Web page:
So what did I do? I worked at it, but I did it on my own terms and started small and manageable. Even if I could barely understand French spoken in real time, I did what I could within my control, so that’s what I’m sharing with you in this post.
Over the years, I’ve used the following tips to help make my French communication go a little more smoothly. Even though these tips are great for beginners and super simple, they shouldn’t be overlooked. The best tips are often the simplest ones and those are the first to go out the window when we’re nervous and stressed. Would you believe that I still use all of the tips below today… nearly 7 years after moving to France!The best #languagelearning tips are often the simplest ones and those are the first to go out the window when we're nervous and stressed. Here are my top tips!Click To Tweet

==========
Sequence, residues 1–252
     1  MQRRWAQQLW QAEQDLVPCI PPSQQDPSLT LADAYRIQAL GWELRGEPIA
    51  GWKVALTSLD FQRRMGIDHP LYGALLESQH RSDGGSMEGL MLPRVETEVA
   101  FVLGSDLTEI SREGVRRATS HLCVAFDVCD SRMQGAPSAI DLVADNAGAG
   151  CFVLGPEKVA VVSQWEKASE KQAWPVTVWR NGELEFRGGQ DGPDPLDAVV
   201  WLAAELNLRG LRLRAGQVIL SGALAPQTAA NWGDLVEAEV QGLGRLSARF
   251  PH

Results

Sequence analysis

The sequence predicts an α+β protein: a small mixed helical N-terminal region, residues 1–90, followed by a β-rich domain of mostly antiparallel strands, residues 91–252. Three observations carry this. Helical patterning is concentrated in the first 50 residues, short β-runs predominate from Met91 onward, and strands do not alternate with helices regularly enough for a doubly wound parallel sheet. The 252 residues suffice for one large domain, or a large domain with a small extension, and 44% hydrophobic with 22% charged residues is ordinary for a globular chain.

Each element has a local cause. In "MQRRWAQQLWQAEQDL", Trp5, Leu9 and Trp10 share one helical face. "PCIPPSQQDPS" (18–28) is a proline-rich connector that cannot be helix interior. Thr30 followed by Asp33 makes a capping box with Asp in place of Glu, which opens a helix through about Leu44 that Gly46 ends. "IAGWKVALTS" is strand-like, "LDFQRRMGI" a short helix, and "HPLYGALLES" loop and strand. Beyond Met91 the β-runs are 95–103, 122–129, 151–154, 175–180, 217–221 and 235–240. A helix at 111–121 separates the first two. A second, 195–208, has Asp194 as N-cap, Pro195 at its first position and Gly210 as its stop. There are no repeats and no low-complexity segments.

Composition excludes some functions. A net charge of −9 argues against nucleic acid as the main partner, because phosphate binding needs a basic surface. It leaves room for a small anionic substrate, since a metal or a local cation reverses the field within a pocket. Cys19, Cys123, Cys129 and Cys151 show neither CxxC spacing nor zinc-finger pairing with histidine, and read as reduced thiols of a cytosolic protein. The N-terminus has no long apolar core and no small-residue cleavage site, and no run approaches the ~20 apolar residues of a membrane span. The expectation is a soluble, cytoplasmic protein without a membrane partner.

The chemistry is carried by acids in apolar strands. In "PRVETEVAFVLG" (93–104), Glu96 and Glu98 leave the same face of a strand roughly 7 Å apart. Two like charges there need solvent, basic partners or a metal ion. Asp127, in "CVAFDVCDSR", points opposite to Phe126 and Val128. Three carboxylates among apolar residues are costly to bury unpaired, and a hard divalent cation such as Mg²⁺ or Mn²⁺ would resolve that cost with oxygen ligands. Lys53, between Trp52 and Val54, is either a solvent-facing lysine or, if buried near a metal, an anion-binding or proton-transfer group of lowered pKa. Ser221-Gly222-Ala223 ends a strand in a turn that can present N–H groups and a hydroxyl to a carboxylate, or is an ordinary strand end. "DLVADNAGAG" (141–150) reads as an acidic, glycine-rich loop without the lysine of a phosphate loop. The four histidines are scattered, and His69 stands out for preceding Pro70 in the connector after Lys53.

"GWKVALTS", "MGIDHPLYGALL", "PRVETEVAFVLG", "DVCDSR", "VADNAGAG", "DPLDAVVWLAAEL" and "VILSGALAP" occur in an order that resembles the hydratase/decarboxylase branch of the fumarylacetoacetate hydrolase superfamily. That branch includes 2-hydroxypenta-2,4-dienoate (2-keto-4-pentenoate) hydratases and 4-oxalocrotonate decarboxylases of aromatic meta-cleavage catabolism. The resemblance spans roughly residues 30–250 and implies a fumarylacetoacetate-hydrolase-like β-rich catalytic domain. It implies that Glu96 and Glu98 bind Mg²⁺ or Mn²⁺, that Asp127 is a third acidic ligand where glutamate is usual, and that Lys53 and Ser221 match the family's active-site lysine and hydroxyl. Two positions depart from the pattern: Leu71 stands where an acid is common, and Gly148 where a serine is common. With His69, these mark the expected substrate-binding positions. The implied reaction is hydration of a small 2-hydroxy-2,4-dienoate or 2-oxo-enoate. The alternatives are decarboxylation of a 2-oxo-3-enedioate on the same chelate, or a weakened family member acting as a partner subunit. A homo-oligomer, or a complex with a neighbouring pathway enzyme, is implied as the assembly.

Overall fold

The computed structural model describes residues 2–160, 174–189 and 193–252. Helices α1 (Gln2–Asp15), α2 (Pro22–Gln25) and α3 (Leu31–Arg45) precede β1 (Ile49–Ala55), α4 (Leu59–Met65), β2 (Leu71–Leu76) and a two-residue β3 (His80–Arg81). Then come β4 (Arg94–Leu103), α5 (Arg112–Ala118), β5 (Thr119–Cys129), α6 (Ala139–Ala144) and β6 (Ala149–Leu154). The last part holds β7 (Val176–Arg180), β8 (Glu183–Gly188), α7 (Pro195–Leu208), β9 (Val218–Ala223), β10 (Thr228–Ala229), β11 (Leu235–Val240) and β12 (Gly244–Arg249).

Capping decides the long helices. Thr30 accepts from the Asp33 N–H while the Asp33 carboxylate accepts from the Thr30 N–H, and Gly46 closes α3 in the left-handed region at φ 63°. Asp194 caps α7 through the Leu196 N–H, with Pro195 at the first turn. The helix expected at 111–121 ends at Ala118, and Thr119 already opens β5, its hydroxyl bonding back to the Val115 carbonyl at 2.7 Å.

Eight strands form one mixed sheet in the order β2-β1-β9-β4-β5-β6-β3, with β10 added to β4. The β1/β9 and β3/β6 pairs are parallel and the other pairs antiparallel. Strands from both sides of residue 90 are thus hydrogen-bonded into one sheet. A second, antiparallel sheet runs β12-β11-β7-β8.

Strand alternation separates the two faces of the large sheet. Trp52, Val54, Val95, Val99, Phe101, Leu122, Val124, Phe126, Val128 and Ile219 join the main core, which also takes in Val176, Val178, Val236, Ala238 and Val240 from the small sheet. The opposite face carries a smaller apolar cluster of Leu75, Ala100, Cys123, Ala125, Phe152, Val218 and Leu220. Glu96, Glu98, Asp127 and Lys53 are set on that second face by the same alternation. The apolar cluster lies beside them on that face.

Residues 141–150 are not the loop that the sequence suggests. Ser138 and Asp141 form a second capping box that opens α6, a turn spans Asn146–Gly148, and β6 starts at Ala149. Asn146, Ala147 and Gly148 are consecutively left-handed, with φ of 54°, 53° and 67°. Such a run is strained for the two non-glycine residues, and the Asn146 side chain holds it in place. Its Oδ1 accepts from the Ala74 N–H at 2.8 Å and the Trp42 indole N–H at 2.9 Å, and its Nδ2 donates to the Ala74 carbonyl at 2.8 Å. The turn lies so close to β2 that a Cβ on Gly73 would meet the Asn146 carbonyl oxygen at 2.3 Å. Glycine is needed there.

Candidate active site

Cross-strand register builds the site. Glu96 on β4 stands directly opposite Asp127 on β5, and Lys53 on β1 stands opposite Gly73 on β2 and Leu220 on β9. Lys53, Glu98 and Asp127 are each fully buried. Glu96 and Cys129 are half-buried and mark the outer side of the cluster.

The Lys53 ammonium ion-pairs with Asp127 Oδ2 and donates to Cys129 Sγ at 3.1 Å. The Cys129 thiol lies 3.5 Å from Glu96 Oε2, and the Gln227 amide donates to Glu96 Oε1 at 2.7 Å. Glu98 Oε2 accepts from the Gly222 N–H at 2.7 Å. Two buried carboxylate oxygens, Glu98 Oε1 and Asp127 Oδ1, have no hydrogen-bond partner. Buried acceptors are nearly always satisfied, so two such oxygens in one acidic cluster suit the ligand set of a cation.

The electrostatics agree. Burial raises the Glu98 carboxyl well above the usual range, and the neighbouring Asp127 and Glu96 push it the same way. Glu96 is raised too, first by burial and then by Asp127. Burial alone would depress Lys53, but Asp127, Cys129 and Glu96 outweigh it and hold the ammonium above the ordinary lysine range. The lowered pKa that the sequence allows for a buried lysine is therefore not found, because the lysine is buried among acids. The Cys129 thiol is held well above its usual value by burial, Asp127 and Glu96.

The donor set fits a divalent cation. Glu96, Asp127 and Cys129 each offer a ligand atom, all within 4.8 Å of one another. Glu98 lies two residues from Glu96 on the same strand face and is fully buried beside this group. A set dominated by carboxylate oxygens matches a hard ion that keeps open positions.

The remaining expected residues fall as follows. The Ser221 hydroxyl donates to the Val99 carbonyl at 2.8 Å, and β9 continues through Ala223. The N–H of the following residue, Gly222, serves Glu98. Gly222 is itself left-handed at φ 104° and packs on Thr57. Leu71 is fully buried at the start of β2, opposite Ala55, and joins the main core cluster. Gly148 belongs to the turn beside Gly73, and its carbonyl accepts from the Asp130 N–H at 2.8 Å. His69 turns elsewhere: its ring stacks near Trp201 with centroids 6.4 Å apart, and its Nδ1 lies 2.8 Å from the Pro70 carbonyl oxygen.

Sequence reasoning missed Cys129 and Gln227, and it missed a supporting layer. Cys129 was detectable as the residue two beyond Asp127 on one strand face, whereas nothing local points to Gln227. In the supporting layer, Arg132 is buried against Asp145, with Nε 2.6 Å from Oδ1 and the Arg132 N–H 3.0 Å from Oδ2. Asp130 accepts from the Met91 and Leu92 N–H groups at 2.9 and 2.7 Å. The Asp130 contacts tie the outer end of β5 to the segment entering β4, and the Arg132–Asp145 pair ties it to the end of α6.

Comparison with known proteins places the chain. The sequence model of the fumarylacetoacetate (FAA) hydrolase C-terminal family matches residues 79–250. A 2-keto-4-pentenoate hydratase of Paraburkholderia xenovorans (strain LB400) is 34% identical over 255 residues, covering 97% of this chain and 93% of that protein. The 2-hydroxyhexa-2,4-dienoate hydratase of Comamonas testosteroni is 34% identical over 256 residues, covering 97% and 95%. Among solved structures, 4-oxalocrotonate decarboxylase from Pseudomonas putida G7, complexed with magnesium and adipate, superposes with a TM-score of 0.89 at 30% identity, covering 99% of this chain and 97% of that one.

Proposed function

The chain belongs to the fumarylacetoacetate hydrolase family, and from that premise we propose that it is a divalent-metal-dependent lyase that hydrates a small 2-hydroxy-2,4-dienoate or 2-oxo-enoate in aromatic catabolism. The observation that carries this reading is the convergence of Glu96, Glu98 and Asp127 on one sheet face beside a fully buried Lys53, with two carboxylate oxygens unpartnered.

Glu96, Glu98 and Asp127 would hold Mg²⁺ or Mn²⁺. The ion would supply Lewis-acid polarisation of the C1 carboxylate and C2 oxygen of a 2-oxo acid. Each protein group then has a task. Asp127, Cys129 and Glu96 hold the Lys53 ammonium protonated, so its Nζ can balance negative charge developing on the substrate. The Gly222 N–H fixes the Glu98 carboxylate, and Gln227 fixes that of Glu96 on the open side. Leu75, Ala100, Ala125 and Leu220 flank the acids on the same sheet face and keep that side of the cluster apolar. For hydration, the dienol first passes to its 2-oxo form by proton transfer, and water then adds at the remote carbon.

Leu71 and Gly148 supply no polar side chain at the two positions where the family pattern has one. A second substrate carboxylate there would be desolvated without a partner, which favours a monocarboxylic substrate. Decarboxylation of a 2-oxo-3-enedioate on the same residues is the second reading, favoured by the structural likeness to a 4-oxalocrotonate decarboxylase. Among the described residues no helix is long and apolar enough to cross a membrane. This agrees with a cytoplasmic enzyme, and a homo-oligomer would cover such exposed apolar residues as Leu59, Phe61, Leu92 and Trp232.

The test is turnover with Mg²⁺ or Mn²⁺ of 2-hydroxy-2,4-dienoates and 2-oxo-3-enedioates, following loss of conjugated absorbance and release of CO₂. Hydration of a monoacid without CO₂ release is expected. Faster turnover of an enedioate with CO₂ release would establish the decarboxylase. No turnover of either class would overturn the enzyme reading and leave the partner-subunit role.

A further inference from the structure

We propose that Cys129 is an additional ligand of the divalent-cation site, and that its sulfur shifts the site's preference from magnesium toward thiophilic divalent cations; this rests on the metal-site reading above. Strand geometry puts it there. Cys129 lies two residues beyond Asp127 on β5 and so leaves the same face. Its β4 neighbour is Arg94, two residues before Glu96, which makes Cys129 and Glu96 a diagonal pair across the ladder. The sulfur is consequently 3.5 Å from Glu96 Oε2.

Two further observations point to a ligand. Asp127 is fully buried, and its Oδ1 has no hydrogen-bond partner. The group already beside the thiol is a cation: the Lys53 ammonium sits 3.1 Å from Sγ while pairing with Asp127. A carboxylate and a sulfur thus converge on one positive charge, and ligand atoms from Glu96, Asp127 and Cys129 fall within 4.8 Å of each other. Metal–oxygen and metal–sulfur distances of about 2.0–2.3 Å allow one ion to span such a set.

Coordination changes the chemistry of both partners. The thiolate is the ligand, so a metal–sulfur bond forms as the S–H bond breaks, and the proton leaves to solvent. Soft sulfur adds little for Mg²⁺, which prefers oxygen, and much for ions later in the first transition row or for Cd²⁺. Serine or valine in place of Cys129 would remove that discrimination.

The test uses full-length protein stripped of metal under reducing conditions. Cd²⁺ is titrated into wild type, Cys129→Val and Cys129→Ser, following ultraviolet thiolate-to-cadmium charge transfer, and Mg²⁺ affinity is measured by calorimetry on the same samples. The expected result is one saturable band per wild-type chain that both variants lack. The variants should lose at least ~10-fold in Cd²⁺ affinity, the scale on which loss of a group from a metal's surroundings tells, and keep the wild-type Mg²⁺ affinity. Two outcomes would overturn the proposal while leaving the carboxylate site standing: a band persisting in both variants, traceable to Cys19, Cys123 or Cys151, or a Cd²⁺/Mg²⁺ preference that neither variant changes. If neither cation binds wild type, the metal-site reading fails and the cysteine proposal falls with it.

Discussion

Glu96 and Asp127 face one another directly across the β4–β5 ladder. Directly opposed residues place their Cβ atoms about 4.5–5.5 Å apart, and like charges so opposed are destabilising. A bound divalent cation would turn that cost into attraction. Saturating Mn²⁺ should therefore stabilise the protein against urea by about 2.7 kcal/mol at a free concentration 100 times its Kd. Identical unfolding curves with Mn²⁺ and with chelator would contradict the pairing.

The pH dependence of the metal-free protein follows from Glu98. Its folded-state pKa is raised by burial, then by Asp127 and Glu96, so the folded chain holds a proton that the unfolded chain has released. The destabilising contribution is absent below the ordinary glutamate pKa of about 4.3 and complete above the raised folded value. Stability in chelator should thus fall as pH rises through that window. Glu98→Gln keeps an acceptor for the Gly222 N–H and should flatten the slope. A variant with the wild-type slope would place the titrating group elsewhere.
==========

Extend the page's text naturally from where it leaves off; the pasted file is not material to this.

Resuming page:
Go in person if you can
If your French is a little shaky, it’s much easier to talk to someone in person instead of over the phone. You can see their face and body language and use the context of the situation to your advantage. If you have the time and are able to, take care of any business in person. You’ll feel more confident and might even make an ally in the process. For customer service issues or anything dealing with the bureaucracy, it’s best to have people on your side, so why not put a face to a name. Even today, I still find it easier to get something done in person when you have someone in front of you and not just a faceless voice on the other end of the phone.